Civil Rights Groups Write Letter To Lawmakers Pressing For End To Qualified Immunity In Police Reform Bill


A collective of civil rights groups sent a letter to legislators on Wednesday citing problems they have with the negotiations taking place around the police reform bill.

A bipartisan group of lawmakers has been working on solidifying a potential solution to police reform. In a joint statement last month, they said that they had “reached an agreement on a framework addressing the major issues for bipartisan police reform,” per The Hill.The group of negotiators, including Representative Karen Bass (D-CA), Senator Tim Scott (R-SC), and Senator Cory Booker (D-NJ) added, “There is still more work to be done on the final bill, and nothing is agreed to until everything is agreed to. Over the next few weeks we look forward to continuing our work toward getting a finalized proposal across the finish line.”

One of the main points of disagreement between Democrats and Republicans is the practice of qualified immunity, which is a method of legal immunity for government officials. As explained by Cornell Law School, “Specifically, qualified immunity protects a government official from lawsuits alleging that the official violated a plaintiff‘s rights, only allowing suits where officials violated a ‘clearly established’ statutory or constitutional right.”

As reported by The Hill on Thursday, “The Democratic-majority House passed the George Floyd Justice in Policing Act in March, which eliminated qualified immunity. The legislation was approved with no GOP support.”A collective of civil rights groups, including the American Civil Liberties Union (ACLU), the Human Rights Campaign, the NAACP Legal Defense and Educational Fund, and Amnesty International USA sent a letter to Bass, Booker, and Scott, as well as Senators Dick Durbin (D-IL), Lindsey Graham (R-SC), and Representative James Clyburn (D-SC).

“We write to express our serious concerns, however, about the state of negotiations on qualified immunity and empowering victims of police misconduct to hold law enforcement officers and agencies accountable through civil lawsuits,” the letter reads.

The letter pointed to worries over the potential scenario in which qualified immunity would not be ended in the current legislation.

They wrote, “recent media reports indicate that the negotiations over the George Floyd Justice in Policing Act have been obstructed by a small number of law enforcement groups that are using it as an opportunity to advance proposals that would continue to insulate officers from accountability when they violate the law.”

The letter expressed apprehension that “some policymakers involved in the negotiations are demanding that qualified immunity for law enforcement officers be codified in the bill. In addition, at least one Senator involved in the negotiations has suggested that only law enforcement agencies should be held liable — not officers — for the acts of their officers, and only in cases involving death and the most serious bodily injury.”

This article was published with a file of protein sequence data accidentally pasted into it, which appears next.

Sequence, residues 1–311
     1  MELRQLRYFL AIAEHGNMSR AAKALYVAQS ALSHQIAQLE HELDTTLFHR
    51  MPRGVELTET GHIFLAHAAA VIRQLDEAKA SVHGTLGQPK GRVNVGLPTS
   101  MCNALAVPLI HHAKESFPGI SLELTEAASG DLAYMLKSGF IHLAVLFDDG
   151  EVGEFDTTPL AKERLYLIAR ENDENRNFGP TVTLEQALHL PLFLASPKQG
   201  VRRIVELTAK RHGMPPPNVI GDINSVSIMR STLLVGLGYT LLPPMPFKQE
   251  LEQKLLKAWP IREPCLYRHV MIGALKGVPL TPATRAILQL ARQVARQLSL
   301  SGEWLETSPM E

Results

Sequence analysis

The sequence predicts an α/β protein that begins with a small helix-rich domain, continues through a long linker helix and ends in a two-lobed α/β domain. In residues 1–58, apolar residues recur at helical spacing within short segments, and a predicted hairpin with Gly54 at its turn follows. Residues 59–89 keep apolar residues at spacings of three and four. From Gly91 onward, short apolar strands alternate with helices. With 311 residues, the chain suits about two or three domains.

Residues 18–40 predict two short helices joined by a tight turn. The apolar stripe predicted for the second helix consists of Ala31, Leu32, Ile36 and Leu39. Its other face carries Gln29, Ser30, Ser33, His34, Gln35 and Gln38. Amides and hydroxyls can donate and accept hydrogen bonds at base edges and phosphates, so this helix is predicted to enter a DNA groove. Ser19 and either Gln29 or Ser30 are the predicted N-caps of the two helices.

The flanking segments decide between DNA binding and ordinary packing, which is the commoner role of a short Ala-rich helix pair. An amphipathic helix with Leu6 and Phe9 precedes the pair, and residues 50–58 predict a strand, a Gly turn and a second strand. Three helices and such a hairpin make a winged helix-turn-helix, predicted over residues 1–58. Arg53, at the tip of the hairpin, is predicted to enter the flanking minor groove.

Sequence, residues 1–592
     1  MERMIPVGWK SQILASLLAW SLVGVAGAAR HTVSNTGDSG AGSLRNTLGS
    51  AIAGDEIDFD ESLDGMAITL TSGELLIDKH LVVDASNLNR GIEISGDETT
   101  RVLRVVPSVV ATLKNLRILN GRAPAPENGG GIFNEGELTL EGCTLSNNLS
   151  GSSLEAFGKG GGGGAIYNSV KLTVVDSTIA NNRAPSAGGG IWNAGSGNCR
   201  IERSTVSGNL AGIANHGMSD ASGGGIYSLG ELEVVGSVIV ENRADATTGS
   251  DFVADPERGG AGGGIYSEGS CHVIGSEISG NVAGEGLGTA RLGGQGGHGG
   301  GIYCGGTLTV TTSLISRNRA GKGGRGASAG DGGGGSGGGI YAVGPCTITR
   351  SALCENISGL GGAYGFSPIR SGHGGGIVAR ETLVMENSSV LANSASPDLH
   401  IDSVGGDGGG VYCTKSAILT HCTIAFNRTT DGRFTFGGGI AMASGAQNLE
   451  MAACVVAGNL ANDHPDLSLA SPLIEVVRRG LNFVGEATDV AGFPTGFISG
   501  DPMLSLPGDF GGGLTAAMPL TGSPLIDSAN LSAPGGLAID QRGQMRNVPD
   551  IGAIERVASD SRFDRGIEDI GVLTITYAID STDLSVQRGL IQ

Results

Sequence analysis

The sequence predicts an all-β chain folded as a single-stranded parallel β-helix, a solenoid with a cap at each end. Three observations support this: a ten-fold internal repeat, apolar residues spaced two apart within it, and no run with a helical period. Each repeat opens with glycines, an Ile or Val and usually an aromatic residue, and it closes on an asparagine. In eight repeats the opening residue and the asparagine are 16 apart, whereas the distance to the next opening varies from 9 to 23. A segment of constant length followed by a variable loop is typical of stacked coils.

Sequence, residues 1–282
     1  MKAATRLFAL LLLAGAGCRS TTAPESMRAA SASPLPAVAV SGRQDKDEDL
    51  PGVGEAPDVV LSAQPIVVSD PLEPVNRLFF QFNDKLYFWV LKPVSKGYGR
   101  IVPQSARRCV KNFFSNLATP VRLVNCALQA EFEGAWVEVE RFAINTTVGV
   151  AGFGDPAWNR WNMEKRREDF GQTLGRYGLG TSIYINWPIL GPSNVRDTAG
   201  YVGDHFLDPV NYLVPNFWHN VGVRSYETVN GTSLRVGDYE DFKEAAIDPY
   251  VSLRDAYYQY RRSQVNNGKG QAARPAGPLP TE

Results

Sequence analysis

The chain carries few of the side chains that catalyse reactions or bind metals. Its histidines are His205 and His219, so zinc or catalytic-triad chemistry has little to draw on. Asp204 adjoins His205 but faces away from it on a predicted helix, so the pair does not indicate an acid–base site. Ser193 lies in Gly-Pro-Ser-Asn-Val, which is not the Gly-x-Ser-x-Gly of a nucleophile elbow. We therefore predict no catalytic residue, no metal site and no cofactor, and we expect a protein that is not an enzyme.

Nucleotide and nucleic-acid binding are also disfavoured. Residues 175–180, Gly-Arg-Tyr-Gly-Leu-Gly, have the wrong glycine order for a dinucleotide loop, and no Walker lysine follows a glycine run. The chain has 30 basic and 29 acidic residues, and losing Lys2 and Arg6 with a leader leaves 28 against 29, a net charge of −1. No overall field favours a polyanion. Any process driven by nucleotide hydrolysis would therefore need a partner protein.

The group pressed, “Unless the course is corrected, the Senate bill that comes out of these negotiations may take us backwards by perpetuating or increasing the already stiff legal barriers to holding law enforcement accountable for violating peoples’ constitutional rights.”

The letter focused in part on qualified immunity, writing that it “is an affront to our legal system and to the pursuit of justice. The undersigned organizations urge the negotiators to adopt police accountability legislation that ends qualified immunity rather than a bill that explicitly codifies it or that the Supreme Court could construe as ratifying it.”

The letter added, “Existing law treats violations of all of our constitutional rights equally and provides for remedies regardless of which rights law enforcement officers violate or how vulnerable the victim.”

It concluded, “Narrow employer liability proposals currently under consideration by Senate negotiators fail to treat all rights equally and would instead create a hierarchy of rights and a hierarchy of victims, in which only the violation of certain rights that result in serious physical injury or death are enforceable against police departments, leaving the rest unrealized.”

Police reform has been a prominent issue in Congress since last year when George Floyd died after an encounter with former Minneapolis police officer Derek Chauvin during which Chauvin kneeled on Floyd for a period of almost nine minutes. Chauvin was recently sentenced to 22.5 years in prison for the death of Floyd.

Following the many calls for police reform amidst protests and rioting last summer, Senator Scott introduced legislation last year that was ultimately blocked by Democrats.

As The Daily Wire reported at the time:

Democrats fought the Republican bill, led by Sen. Tim Scott (R-SC), which they said did not go far enough in addressing critical issues at the crux of police reform. The bill did not ban the use of chokeholds outright, preferring instead to warn departments to craft their own policies against the practice or risk losing federal funds. The bill also shied away from outlawing so-called “no-knock” warrants, preferring instead to establish a national database to track those warrants’ use and abuse.

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